Y. H. Choi, F. Liu, J. S. Park, and S. W. Kim. Lactose-poly(ethylene glycol)-grafted poly-L-lysine as hepatoma cell-targeted gene carrier. Bioconjug. Chem. 9:708–718 (1998).PubMedCrossRefGoogle Scholar
  10. 10.
    C. Kneuer, M. Sameti, E. G. Haltner, T. Schiestel, H. Schirra, H. Schmidt, and C. M. Lehr. Silica nanoparticles modified with aminosilanes as carriers for plasmid DNA. Int. J. Pharm. 196:257–261 (2000).PubMedCrossRefGoogle Scholar
  11. 11.
    Z. Li, S. Zhu, K. Gan, Q. Zhang, Z. Zeng, Y. Zhou, H. Liu, W. Xiong, X. Li, and G. Li. Poly-L-lysine-modified silica nanoparticles: a potential oral gene delivery system. J. Nanosci. Nanotechnol. 5:1199–1203 (2005).PubMedCrossRefGoogle Scholar
  12. 12.
    M. Sameti, G. Bohr, M. N. Ravi Kumar, C. Kneuer, U. Bakowsky, M. Nacken, H. Schmidt, and C. M. Lehr. Stabilisation by freeze-drying of cationically modified silica nanoparticles for gene delivery. Int. J. Pharm. 266:51–60 (2003).PubMedCrossRefGoogle Scholar
  13. 13.
    D. Luoand, and W. M. Saltzman. Enhancement of transfection by physical concentration of DNA at the cell surface. Nat. Biotechnol. 18:893–895 (2000).CrossRefGoogle Scholar
  14. 14.
    M. Thomasand and A. M. Klibanov. Conjugation to gold nanoparticles enhances polyethylenimine’s transfer of plasmid DNA into mammalian cells. Proc. Natl. Acad. Sci. U. S. A. 100:9138–9143 (2003).CrossRefGoogle Scholar
  15. 15.
    E. H. Chowdhury, M. Kunou, M. Nagaoka, A. K. Kundu, T. Hoshiba, and T. Akaike. High-efficiency gene delivery for expression in mammalian cells by nanoprecipitates of Ca–Mg phosphate. Gene 341:77–82 (2004).PubMedCrossRefGoogle Scholar
  16. 16.
    D. J. Bharali, I. Klejbor, E. K. Stachowiak, P. Dutta, I. Roy, N. Kaur, E. J. Bergey, P. N. Prasad, and M. K. Stachowiak. Organically modified silica nanoparticles: a nonviral vector for in vivo gene delivery and expression in the brain. Proc. Natl. Acad. Sci. U. S. A. 102:11539–11544 (2005).PubMedCrossRefGoogle Scholar
  17. 17.
    D. Luo, E. Han, N. Belcheva, and W. M. Saltzman. A self-assembled, modular DNA delivery system mediated by silica nanoparticles. J. Control. Release 95:333–341 (2004).PubMedCrossRefGoogle Scholar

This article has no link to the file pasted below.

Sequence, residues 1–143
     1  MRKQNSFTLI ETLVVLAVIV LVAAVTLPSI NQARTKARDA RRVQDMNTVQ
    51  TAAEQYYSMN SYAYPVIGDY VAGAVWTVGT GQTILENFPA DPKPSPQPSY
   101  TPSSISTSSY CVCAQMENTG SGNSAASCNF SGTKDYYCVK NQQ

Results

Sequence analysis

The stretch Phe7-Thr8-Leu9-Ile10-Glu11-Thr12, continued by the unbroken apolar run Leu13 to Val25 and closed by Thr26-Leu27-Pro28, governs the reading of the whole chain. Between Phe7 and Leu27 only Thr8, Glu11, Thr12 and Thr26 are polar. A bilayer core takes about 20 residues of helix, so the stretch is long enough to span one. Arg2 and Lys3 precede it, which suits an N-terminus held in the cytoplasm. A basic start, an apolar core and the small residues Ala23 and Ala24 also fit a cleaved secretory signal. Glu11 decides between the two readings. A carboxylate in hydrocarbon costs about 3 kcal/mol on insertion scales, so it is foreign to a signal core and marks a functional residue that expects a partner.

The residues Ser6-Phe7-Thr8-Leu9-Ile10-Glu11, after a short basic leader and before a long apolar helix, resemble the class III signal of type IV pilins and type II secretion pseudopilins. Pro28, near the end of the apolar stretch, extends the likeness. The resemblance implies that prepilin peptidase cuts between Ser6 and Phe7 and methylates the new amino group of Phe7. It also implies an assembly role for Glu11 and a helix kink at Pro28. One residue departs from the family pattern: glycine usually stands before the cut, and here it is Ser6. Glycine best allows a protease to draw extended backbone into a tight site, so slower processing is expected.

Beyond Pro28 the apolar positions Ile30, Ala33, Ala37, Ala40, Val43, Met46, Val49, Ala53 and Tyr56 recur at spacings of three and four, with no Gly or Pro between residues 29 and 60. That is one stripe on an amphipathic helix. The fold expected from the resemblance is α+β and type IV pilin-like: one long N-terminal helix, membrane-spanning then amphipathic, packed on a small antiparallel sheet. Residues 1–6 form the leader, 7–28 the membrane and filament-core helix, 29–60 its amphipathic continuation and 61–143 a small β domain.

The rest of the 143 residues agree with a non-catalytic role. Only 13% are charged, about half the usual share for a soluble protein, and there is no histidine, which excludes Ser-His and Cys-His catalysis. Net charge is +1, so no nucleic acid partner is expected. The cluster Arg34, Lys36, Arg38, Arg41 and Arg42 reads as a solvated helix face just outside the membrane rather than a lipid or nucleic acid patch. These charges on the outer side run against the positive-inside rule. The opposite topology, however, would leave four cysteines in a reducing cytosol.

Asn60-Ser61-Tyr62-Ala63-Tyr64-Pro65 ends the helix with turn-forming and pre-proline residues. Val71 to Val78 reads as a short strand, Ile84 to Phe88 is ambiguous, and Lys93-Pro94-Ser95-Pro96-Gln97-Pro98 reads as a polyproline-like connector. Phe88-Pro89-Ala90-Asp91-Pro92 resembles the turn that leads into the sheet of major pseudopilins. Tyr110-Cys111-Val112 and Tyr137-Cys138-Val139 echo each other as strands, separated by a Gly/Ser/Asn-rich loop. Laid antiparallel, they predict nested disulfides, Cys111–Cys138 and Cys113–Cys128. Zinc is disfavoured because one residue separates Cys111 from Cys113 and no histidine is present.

18. 18.
    B. D. Mather, K. Viswanathan, K. M. Miller, and T. E. Long. Michael addition reactions in macromolecular design for emerging technologies. Prog. Polym. Sci. 31:487–531 (2006).CrossRefGoogle Scholar
  19. 19.
    D. Jere, R. Arote, H. Jiang, J. W. Nah, M. H. Cho, and C. S. Cho. A poly(β-amino ester) of spermine and poly(ethylene glycol) diacrylate as a gene carrier. Key Eng. Mater. 342–343:425–428 (2007).CrossRefGoogle Scholar
  20. 20.
    T. H. Kim, S. E. Cook, R. Arote, M. H. Cho, J. W. Nah, Y. J. Choi, and C. S. Cho. A degradable hyperbranched poly(ester amine) based on poloxamer diacrylate and polyethylenimine as a gene carrier. Macromol. Biosci. 7:611–619 (2007).PubMedCrossRefGoogle Scholar
  21. 21.
    R. Arote, T. H. Kim, Y. K. Kim, S. K. Hwang, H. L. Jiang, H. H. Song, J. W. Nah, M. H. Cho, and C. S. Cho. A biodegradable poly(ester amine) based on polycaprolactone and polyethylenimine as a gene carrier. Biomaterials 28:735–744 (2007).PubMedCrossRefGoogle Scholar
  22. 22.
    N. D. Sonawane, F. C. Szoka, Jr., and A. S. Verkman. Chloride accumulation and swelling in endosomes enhances DNA transfer by polyamine-DNA polyplexes. J. Biol. Chem. 278:44826–44831 (2003).PubMedCrossRefGoogle Scholar
  23. 23.
    M. R. Park, K. O. Han, I. K. Han, M. H. Cho, J. W. Nah, Y. J. Choi, and C. S. Cho. Degradable polyethylenimine-alt-poly(ethylene glycol) copolymers as novel gene carriers. J. Control. Release 105:367–380 (2005).PubMedCrossRefGoogle Scholar
  24. 24.
    D. G. Anderson, A. Akinc, N. Hossain, and R. Langer. Structure/property studies of polymeric gene delivery using a library of poly(beta-amino esters). Molec. Ther. 11:426–434 (2005).CrossRefGoogle Scholar
  25. 25.
    F. Meng, G. H. Engbers, and J. Feijen. Polyethylene glycol-grafted polystyrene particles. J. Biomed. Mater. Res. A. 70:49–58 (2004).PubMedCrossRefGoogle Scholar
  26. 26.
    A. Akinc, D. G. Anderson, D. M. Lynn, and R. Langer. Synthesis of poly(beta-amino ester)s optimized for highly effective gene delivery. Bioconjug. Chem. 14:979–988 (2003).PubMedCrossRefGoogle Scholar

Copyright information

© Springer Science+Business Media, LLC 2007

Authors and Affiliations

  • Dhananjay Jere
    • 1
  • Mi-Kyong Yoo
    • 1
  • Rohidas Arote
    • 1
  • Tae-Hee Kim
    • 1
  • Myung-Haing Cho
    • 2
  • Jae-Woon Nah
    • 3
  • Yun-Jaie Choi
    • 1
  • Chong-Su Cho
    • 1
  1. 1.School of Agricultural BiotechnologySeoul National UniversitySeoulSouth Korea
  2. 2.College of Veterinary SciencesSeoul National UniversitySeoulSouth Korea
  3. 3.Department of Polymer Science and EngneeringSunchon National UniversitySunchonSouth Korea

Personalised recommendations